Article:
I was in an abusive relationship when I was 19. He was my first real boyfriend after high school and I was his first real girlfriend. He bullied me into doing things I didn't want to do, paraded me around like arm candy, and went so far as to rape me. I was too afraid to end it because all my friends were dating his friends and I was afraid of losing my social group. He was afraid he would go back to being the other guys' cannon fodder.

I beat myself up for my choices for nearly a decade. I didn't truly forgive myself until I admitted my mistakes in the relationship. I knew it was broken well before he ended it. (Yes, he ended it). I forgave myself for both of us lacking the emotional maturity to back out of something that just wasn't working.

He lives in another state, so it's unlikely I'll ever see him again. If I did, I would just nod and keep walking.

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Traci

Ha, did you really wear red fleece overalls in your younger years? Picture, please! Sounds comfy, though!

When I think of mistakes, I think of one of my favorite quotes on the matter that I've illustrated: Show me a person who has never made a mistake and I'll show you somebody who has never achieved much. Joan Collins. The most important thing is to learn from our mistakes. Unfortunately, we all have those that we'd like to erase from our own memories completely!

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Raquel

I think my biggest mistake was not trying hard enough at school and university, and not working to discover what was 'out there' for me.

I always got great marks, but unfortunately I never really had to work hard for them, meaning I never got used to hard work, or really experienced the satisfaction that comes with it. As the first in my family to go to university, I also never really knew what sort of careers were out there for me — I did not even know that studying things like 'public policy' was possible! I didn't find out until I was actually at university, and then I decided to stick with my easy course of study rather than choosing a new challenge.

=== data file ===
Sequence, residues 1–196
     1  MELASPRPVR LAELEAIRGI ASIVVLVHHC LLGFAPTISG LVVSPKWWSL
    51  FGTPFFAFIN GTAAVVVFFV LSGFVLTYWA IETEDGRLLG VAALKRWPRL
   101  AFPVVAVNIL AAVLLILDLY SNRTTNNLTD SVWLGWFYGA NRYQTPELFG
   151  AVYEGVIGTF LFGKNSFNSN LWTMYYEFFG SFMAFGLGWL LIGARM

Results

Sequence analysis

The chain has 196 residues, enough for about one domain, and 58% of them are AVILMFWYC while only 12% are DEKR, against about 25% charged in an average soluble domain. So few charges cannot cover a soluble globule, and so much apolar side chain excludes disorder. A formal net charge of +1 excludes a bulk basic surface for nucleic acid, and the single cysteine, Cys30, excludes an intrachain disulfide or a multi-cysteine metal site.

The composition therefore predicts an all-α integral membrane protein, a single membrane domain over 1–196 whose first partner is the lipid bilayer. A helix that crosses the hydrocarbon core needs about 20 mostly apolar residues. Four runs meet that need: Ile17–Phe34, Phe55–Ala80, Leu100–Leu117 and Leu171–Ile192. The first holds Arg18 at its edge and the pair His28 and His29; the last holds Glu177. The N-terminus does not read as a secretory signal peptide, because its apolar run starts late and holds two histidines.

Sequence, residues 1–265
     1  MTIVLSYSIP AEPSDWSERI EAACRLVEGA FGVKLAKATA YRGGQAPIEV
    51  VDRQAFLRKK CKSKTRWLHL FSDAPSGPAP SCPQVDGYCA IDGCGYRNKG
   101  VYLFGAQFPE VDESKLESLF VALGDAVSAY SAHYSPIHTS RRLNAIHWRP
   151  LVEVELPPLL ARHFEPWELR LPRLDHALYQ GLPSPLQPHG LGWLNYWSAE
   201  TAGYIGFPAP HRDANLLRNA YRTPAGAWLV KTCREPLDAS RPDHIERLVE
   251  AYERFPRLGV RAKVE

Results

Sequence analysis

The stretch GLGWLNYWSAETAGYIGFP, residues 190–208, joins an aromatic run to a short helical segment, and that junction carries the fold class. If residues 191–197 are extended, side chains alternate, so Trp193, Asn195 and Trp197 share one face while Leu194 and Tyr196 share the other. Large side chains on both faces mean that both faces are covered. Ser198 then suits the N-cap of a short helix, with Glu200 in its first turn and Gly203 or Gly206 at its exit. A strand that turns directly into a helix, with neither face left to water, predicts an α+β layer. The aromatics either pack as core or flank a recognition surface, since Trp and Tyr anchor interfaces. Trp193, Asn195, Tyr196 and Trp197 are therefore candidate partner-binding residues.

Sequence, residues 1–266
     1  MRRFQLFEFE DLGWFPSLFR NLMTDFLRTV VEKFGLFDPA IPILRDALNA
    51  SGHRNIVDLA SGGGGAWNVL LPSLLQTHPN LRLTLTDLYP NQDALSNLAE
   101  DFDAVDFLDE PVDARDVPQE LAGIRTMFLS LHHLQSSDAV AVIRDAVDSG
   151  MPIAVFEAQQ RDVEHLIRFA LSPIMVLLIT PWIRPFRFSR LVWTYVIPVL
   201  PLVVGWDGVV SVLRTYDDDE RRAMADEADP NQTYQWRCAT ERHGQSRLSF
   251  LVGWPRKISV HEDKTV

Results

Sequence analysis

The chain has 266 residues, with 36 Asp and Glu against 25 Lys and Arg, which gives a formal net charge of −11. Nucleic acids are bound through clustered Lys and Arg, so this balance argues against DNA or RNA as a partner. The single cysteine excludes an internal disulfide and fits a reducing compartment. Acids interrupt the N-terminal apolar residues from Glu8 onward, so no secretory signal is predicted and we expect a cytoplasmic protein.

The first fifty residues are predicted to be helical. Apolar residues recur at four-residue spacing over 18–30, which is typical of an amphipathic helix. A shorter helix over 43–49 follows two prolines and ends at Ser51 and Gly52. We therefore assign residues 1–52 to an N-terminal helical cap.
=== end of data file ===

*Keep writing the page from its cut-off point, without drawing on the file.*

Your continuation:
These days I'm working hard in a field unrelated to my degree (I actually turned my hobby into my job, which is awesome), and I'm learning about hard work.

How do I forgive myself? I remind myself that I'm 23, I'm not exactly over-the-hill yet, so the fact that I'm learning now is fantastic! Go me! I'm happy that I've found the wisdom to realise my past mistakes, and overcome them through commitment and determination.

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Jacqueline Wolven

I think the biggest mistakes I have made are when I refuse/forget to be kind to others, which sounds trite, but I can cringe each time I remember those moments. Ooof… so glad that the brake mistake wasn't worse. Yikes!

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Lindsay is Broke

"2) Allowing a five year relationship to go on for about two years too long."

You and me both, sister! Amazing how clear it is in hindsight. 😐

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rachelannpierce

This is going to sound oddly specific, but the mistake my mind is jumping to right now it not making a phone call. This time last year I was waiting to hear back about some academic paperwork that needed to go through before I could rent an apartment, buy a car, and start living my life where I wanted to live it. By the time I made the phone call I had already moved back to live with my parents. Had I called even a week earlier I would have been able to start living the life I wanted right away instead of being home for two months.

On the bright side I was home for Mother's Day, my sister's birthday, and Father's Day that year for the first time a few years, and potentially the last time ever.